Legal Problems of the European Constitution
From the very beginning the construction of an European super-bureaucracy faced legal problems: core agreements like the "economic stability criteria" have been broken frequently and permanently by the majority of member states.
The precursor of the Treaty of Lissabon (13 Dez, 2007), the Treaty of Maastricht has been rejected by the citizens' vote of many European countries. After that the European Parliament was set up without questioning the people further. The European Parliament is notoriously weak and has only a veto power over laws passed within a short timeframe. European law overrules national law but the people of the member states are not represented proportionally in the European Parliament. This conflicts with many national constitutions. The Treaty of Maastricht has been challanged therefore before the highest courts of member nations aswell as the European Court of Justice, among others by German professor of international law Karl Albrecht Schachtschneider.
Of particular concern are the paragraphs dealing with martial law or "emergency situations" and the re-introduction of the death penalty. The contents of the treaties are not discussed in the commercially-controlled media and there is no awareness of the far-reaching consequences in the general public. The contracts are packed with footnotes and references to previous treaties and legal acts, which makes them hard to understand even for insiders of international law. A servey showed that less than 20 percent of German MPs actually read the Treaty of Lissabon before giving the go-ahead to their own disempowerment.
Inaction about Gladio
On November 22, 1990 the European Parliament debated Operation Gladio, producing a strongly worded resolution calling for an investigation. However, this was never followed through. Summarising the procedure, Daniele Ganser writes that "The dog barked loudly, but it did not bite. Of the eight actions requested by the EU parliament not one was carried out satisfactorily. Only Belgium, Italy and Switzerland investigated their secret armies with a parliamentary commission, producing a lengthy and detailed public report."
|Behind the Greek Debt||article||7 July 2015||Thierry Meyssan||The geoplitics underlying what is presented as a crisis of national indebtedness|
|How Russia betrayed America||essay||10 March 2015||Mike King||A useful mirror image of the Anglo-US-Nato official narrative about Russia|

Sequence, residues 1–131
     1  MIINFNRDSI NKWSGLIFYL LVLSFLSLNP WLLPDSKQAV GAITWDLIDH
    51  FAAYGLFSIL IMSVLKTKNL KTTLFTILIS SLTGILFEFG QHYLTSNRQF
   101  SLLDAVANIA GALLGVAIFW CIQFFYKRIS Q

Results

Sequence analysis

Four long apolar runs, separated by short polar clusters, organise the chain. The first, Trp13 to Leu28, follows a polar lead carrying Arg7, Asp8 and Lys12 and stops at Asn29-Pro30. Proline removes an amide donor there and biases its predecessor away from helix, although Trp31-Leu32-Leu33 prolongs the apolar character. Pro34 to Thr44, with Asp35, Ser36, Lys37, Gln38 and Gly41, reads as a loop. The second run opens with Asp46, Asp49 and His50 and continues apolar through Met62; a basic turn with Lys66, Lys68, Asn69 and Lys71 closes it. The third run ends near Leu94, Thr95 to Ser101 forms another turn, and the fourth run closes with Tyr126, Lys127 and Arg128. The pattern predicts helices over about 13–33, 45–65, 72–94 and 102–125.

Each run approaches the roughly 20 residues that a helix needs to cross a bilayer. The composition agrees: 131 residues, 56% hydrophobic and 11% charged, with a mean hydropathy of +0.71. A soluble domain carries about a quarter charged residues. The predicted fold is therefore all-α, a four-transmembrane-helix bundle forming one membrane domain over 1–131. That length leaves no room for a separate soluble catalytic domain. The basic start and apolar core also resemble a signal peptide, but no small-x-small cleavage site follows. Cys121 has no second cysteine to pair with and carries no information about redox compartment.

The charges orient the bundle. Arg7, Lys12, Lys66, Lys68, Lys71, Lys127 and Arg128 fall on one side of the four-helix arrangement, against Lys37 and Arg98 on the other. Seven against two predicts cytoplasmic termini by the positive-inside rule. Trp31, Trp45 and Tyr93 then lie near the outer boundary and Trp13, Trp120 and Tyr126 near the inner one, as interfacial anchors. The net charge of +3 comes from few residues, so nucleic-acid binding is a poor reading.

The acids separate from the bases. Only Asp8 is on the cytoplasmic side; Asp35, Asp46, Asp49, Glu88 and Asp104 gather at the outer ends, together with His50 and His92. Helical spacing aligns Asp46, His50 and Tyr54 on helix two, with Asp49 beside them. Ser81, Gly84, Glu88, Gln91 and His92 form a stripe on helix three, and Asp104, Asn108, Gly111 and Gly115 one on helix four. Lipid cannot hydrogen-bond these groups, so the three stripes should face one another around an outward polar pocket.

|I Am Obliged to Reconsider My Support for the European Union||Article||3 October 2017||Craig Murray||Today, and with a greater sadness than you can imagine, I withdraw my support for membership of the European Union|
|It’s Nato that’s empire-building, not Putin||article||7 March 2015||Peter Hitchens||Rare honesty, peppered with obligatory obeisances to western official narratives, about Nato empire-building since 1990 from a western mainsteam media journalist.|
|File:Rogue Agents (4th edition, 2015, full).pdf||book||2014||David Teacher||A book about the activities of the covert European groupings responsible for the realisation of the European Union between the end of World War II and the mid 1990's|
|Seventy Years of Harassing the Political Establishment and Peoples of Europe||article||4 February 2016||Andrey Fomine||Anglo-US domination of the political establishments and peoples of Europe - especially Germany - over 70 years following the end of World war II|
|The EU's ugly kindergarten of intellectually challenged clowns||article||31 August 2014||'The Saker'||There is Russian saying: "you can't scare a hedgehog with a naked backside". It summarises of this article's analysis of the threatened fourth round of EU Sanctions against Russia and the clownish absurdity of its US puppet leaders|
|Who is Bombing European Civilians?||article||22 March 2016||Sott.net||Sharp questioning of precisely who is responsible for attacks on civilians in Europe|
|Why Isn’t Everyone In Favour of Taxing Financial Speculation?||report||19 April 2016||Robert Reich||Bernie Sanders wants to tax stock trades at a rate of 0.5 percent (a trade of $1,000 would cost $5), and bond trades at 0.1 percent. The tax would reduce incentives for high-speed trading, insider deal-making, and short-term financial betting. Sanders’ 0.5 percent tax could thereby finance public investments that enlarge the economic pie rather than merely rearrange its slices – like tuition-free public education.|